So what’s next:

Next is a fallopian tube test, which I’m not looking forward to! They’re going to pump goo through my fallopian tubes via a catheter in my cervix. Sounds pretty grim… it also seems like a box-ticking exercise as it’s unlikely I have a blockage because I already have a child.

And after that, who knows? I don’t know if there are any further tests they can do or what they might recommend. We know that we are not allowed IVF on the NHS in our area because I’m too old (I’m 36), and I already have a child. So, will we do it privately? I don’t know yet. I guess we’ll see what the fertility clinic thinks of our chances of success.

There are other alternative therapies to explore and further dietary and lifestyle changes to consider. There seems to be so much guesswork involved and so much research to do as the fertility clinic haven’t offered us any advice beyond taking the tests. I’m pretty sure that there are dietary changes I can make to mitigate the mild polycystic ovaries, for example, but the nurse didn’t have any suggestions on that score.

The other scenario is that we may need to come to terms with the fact that this might not happen for us. It breaks my heart to say it, but it seems to be a distinct possibility. Whatever happens, I’m working on remembering that we really are blessed with the small family we already have.

Cycl bike indicators
Cycling, Reviews

Review: Cycl bike indicators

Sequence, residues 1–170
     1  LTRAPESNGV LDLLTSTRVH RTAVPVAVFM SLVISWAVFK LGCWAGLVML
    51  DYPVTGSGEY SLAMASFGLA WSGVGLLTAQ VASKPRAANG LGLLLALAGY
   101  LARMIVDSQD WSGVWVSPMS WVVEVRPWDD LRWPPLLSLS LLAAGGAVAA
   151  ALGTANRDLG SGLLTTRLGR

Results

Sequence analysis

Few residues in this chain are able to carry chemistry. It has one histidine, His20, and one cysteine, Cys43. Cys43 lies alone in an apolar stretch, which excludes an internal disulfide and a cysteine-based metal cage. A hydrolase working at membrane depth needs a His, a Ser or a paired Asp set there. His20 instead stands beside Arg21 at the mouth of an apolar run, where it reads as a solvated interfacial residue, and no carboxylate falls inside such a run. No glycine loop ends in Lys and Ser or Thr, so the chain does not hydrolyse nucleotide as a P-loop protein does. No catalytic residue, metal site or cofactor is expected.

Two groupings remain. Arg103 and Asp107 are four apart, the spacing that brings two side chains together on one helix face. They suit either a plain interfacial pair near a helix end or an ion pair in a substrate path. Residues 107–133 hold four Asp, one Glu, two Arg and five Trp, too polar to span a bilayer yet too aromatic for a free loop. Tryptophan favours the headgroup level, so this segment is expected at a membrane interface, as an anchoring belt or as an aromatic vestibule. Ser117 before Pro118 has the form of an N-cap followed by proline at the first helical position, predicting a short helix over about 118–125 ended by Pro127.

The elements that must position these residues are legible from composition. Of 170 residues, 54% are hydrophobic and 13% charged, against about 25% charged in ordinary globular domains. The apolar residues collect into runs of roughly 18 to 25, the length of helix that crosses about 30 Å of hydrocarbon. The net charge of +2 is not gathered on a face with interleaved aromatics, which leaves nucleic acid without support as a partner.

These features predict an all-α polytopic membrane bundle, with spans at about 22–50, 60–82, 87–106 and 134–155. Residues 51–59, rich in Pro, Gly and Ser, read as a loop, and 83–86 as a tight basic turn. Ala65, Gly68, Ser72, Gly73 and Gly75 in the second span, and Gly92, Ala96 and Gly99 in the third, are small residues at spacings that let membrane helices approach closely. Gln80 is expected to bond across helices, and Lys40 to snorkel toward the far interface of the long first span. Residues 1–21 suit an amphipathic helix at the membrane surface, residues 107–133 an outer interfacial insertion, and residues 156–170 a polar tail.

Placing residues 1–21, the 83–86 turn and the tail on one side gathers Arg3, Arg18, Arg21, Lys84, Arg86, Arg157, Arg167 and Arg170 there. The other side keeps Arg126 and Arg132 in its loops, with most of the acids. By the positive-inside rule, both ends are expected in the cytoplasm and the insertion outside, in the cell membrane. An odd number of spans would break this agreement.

I love cycling, and happily cycled all over London, much to my husband’s dismay (he’s a hater, whatcha gonna do?) However, when we moved to the countryside, I started cycling less often because I didn’t feel as safe on the roads here. I know that sounds crazy as lots of people would never get on a bike in London. However, the roads out here are much faster (much of London has a 20MPH limit, and lots of traffic jams!), darker, and have fewer cyclists, so drivers are not necessarily looking out for bikes.

Really wanting to get back to cycling, I upgraded my struggling single speed to a hybrid with a sh*tload of gears, bought a reflective bag and jacket, and sought out roads that I would feel comfortable on. Then a company called Cycl got in touch to discuss their bike indicators (or ‘WingLights’ as they call them). I remembered having seen them on Dragons Den (I’m a BIG fan) a while back. Their product looked really cool, and a totally new concept, but also provided an added layer of safety. They offered to send me a set of their Pop Winglights in return for an honest review, so I jumped at the chance!